Planning Agile Part I: The Calendar
As a Scrum Master I get a lot of questions from our customers and other Agilists about how the Agile Central team does planning. What is our planning process? How do you run Big Room Planning (BRP)? How do you prepare for BRP to go smoothly? What makes a BRP event successful?
In this two part series, I will tackle our planning schedule and the work we do leading up to a BRP event to make it successful. Part two will dive deeper into the BRP event itself, what those two days look like, and some of our learnings on how to have the best event possible.
How We Operate
The Agile Central team practices SAFe. As part of SAFe, we plan our work in planning increments (PIs) of one quarter at a time and work in two-week sprints. In addition, we plan as one release train made up of 15 teams across three locations. Work is organized based on our highest priority initiatives to tackle in each PI. We define an initiative as a mid-range (1-6 months) business objective (including architecture or experiments) that delivers value to customers. Initiatives are budget-constrained, not fixed scope, so that we are flexible on how we plan and deliver on the objective.
Each initiative has two to four teams coordinating on delivering that body of work. They do this by defining and executing on related features and stories. For more on how we organize and run our development teams, check out this post.
Since we work in two-week sprints, it is easiest to break down our planning process into the same time boxes. This helps us keep all of our work and our brains in sync.
Our planning calendar starts during the first sprint of the quarter while our teams are off executing on the plan we just committed to in Big Room Planning.
The first step is our product managers continue the product discovery process. The discovery process includes looking at customer feedback, data, and our product backlog. This process allows us to take a high level pass at top priority initiatives and key potential features for the coming quarter. It also sets us up to understand customer, market and design gaps that need to be addressed before the work can be planned. With that understanding, we have visibility into whether or not the work will be ready in time for the following quarter.
During the 2nd sprint, User Experience, Product Managers and Architects continue the discovery process. They prioritize initiatives and begin to break the priority initiatives into deliverable pieces. Here we don’t worry about what features fit into a PI, we just use them to guide the discovery process, better understand what is possible, and what a Minimum Viable Product (MVP) might look like.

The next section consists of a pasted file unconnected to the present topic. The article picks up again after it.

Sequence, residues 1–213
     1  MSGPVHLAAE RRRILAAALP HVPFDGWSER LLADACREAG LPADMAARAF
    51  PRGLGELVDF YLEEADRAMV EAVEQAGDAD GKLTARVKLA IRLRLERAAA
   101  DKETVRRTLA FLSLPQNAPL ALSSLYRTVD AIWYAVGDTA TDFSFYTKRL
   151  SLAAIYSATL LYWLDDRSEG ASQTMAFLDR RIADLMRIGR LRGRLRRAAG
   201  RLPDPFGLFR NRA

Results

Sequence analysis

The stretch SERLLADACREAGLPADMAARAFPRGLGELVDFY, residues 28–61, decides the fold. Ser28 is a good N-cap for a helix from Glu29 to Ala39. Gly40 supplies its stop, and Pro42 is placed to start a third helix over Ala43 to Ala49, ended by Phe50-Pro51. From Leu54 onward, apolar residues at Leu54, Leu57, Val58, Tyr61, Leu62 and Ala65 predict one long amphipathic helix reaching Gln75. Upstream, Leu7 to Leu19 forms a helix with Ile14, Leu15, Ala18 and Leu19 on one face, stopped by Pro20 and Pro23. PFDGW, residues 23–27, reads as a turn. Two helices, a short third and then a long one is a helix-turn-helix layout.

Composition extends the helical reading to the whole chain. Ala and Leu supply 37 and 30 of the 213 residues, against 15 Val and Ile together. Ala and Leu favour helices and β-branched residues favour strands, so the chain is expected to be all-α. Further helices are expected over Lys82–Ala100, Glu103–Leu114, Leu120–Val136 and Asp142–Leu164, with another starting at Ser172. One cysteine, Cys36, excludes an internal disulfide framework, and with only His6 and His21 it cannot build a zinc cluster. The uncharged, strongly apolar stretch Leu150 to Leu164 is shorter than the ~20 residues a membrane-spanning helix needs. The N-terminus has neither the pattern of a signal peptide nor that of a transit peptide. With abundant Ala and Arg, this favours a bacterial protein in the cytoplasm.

By the third sprint, our initiative team is far enough along in discovery to create the first draft of our Roadmap for the next quarter. We review the top priority features and work with tech leads and Product Owners to get basic t-shirt sizing of the top features.
In sprint four, the train has an all hands meeting we call the “Why meeting”. In the Why meeting, Product Managers review the discovery process and how it lead to the priority Initiatives and features for the coming quarter. We review the roadmap together as a train, and receive feedback for the 2nd draft. Product Owners and Development Managers work with the initiative team owners to review the feature estimates again and discuss them with development teams.
In the fifth sprint of the PI the whole train kicks into planning mode. Teams are using some of their weekly planning session time to break features down into stories. User Experience works closely with the teams at this point to share mock-ups and information about customer interviews, and help with story creation and acceptance criteria. With stories emerging, refined estimates aid in the 3rd draft review of the roadmap. If teams find themselves moving quickly or with spare time, they may even start estimating and prioritizing stories.
The sixth sprint is really two one-week sprints. The first week is Hackathon. Hackathons deserve their own blog post, but the gist is that this week gives developers an opportunity to explore work they consider top priority. At the end, we demonstrate to the release train the value add and how it might fit into our roadmap. Hackathons are essential to our process and success. We have had new products, top customer requests, and award winning features come out of this time. Hackathons also add to the pride we have in our product and the energy needed to have a successful BRP.
During hackathon, the initiative team leads continue to refine and define work, answering questions and resolving any issues and gaps that were exposed during sprint five.
Big Room Planning
The second week of sprint six is dedicated to PI Planning, aka the BRP event. Monday and Tuesday teams continue the work started in sprint five to be as ready as possible for the event, which takes place Wednesday and Thursday. The outcome of the event will be a finalized product roadmap, committed features and prioritized stories for quarter starting the following week.
In part two of this series, I dive deeper into the details of what happens the week of BRP. Check it out too!
We want to know what your planning calendar looks like!
What do you find most helpful in your planning process? What are your biggest planning struggles?